Some of the protestors might have sympathy with the Agrarians–there have been moves by some on the left to approach the right–especially Ron Paul supporters–about setting up capitalism in a way that encourages the local community in a decentralized governmental system in which there is more personal freedom, a necessary prerequisite to people having room to operate small businesses. Generally, however, protestors support the same old tired socialist and Marxist systems that have failed in the past. By setting up in advance a false dichotomy with no third way, they end up supporting a system which has caused the deaths of millions of people and which has enslaved many more. Communism leads to hard-core oppression as government goes beyond its proper bounds of power and gains the hubris to think it can reverse man’s Fall.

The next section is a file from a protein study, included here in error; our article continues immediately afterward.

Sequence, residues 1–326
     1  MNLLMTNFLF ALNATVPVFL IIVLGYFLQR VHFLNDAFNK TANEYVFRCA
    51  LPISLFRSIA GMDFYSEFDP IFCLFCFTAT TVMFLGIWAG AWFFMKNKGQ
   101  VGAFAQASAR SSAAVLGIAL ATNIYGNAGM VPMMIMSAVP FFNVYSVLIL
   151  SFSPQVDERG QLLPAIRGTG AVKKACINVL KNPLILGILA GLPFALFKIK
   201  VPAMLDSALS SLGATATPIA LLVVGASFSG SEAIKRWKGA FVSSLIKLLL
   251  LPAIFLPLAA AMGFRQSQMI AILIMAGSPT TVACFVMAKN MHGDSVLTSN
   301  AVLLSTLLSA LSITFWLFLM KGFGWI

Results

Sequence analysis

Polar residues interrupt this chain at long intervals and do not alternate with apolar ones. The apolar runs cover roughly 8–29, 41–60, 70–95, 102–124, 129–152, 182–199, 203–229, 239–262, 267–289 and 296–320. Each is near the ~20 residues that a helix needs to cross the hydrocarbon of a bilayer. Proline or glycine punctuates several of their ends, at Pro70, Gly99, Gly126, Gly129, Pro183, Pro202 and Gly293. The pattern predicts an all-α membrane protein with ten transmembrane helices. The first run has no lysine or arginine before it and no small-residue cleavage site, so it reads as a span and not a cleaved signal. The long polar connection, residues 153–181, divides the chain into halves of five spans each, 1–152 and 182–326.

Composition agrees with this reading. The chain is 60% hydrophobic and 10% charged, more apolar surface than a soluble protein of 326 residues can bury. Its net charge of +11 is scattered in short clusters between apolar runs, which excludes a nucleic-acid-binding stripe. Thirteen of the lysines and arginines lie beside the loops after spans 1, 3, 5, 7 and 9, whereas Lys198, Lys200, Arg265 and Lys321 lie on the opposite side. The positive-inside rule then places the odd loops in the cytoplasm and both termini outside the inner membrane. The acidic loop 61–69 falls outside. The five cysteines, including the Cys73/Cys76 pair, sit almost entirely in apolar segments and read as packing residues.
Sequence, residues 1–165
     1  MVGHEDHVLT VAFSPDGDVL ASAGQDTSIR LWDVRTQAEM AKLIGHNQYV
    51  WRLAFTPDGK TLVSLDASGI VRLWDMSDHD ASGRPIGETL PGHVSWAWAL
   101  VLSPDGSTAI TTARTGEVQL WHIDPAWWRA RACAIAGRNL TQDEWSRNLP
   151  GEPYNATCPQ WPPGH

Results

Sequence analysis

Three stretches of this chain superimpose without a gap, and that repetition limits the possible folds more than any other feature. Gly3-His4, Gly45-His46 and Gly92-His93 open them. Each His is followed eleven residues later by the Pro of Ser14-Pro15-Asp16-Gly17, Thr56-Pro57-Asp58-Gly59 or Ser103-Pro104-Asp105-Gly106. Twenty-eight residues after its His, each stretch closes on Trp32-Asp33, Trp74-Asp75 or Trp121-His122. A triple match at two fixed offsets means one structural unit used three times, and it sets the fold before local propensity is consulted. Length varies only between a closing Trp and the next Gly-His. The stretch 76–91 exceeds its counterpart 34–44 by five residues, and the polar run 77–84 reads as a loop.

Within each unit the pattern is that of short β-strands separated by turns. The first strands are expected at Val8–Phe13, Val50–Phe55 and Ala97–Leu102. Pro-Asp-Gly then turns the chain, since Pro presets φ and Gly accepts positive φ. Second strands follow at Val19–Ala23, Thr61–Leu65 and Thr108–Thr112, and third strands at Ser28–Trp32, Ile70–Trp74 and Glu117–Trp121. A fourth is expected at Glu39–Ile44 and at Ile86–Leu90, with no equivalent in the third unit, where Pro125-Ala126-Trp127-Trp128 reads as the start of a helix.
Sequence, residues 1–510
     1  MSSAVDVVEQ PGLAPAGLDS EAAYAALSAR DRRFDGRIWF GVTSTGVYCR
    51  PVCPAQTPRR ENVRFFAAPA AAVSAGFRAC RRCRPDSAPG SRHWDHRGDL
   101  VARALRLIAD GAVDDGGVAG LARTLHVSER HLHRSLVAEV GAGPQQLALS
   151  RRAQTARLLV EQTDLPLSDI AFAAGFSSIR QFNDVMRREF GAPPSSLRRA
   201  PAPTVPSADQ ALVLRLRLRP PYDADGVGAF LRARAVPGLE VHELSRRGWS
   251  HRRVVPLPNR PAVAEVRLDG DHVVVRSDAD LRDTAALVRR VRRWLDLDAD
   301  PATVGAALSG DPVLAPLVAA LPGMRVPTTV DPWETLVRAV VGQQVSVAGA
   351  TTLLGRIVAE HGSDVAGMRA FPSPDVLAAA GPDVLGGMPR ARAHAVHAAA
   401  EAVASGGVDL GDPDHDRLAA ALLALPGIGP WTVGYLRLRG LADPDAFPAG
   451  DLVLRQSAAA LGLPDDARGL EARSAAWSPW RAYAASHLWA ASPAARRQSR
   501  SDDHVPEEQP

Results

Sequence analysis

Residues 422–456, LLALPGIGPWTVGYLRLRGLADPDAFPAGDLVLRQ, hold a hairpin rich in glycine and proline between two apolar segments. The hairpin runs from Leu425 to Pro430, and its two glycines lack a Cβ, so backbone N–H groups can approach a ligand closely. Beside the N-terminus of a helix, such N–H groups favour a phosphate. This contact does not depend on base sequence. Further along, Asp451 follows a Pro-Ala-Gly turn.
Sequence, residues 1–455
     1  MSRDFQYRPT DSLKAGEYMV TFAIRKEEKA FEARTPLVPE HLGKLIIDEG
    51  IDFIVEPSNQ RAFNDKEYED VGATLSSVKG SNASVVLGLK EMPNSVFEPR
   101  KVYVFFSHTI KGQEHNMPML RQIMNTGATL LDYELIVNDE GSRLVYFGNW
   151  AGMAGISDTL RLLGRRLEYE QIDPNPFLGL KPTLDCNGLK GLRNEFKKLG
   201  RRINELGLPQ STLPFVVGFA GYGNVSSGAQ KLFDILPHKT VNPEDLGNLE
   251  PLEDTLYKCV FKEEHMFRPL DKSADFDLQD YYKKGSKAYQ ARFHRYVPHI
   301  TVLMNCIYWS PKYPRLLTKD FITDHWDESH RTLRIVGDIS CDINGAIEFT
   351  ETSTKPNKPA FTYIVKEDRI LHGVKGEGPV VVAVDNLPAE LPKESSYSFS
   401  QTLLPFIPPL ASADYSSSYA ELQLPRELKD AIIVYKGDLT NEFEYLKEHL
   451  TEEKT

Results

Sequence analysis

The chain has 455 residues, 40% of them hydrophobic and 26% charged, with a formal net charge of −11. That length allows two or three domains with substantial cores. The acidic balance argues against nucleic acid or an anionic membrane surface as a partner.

Corporitism leads to a softer tyranny by manipulation (through a compliant media and business community). Social pressure is used to force individuals into molds that fit the corporations’ thirst for profit. Corporate executives also lack knowledge, for the most part, of the branches of the company they are supposed to supervise–the efficient distribution of needed goods and services to local communities will be lacking. Communities desperate for jobs may sell their souls for a bowl of corporate porridge. Local resistance to large corporations often evaporates in the face of a threat from a corporation that it will not move a plant to the area unless it receives tax breaks and other economic incentives. Local communities need the jobs, and instead of encouraging small business investment, they go for a quick fix. Local banks fail, and branches of large corporate banks open in their place. This brings jobs and capital temporarily, but corporations have become increasingly disloyal to their initial commitments to the community and have closed U. S. plants in favor of outsourcing to Mexico, Central and South America. Banks have put speculation over fiscal responsibility. In an entity as large as a contemporary corporate, money is the name of the game, and people take a distant second-place unless strong corporate leadership changes the ethic of a corporation. But that is a difficult task in a large corporation; the larger the corporation, the more difficult a change in its fundamental moral practices becomes.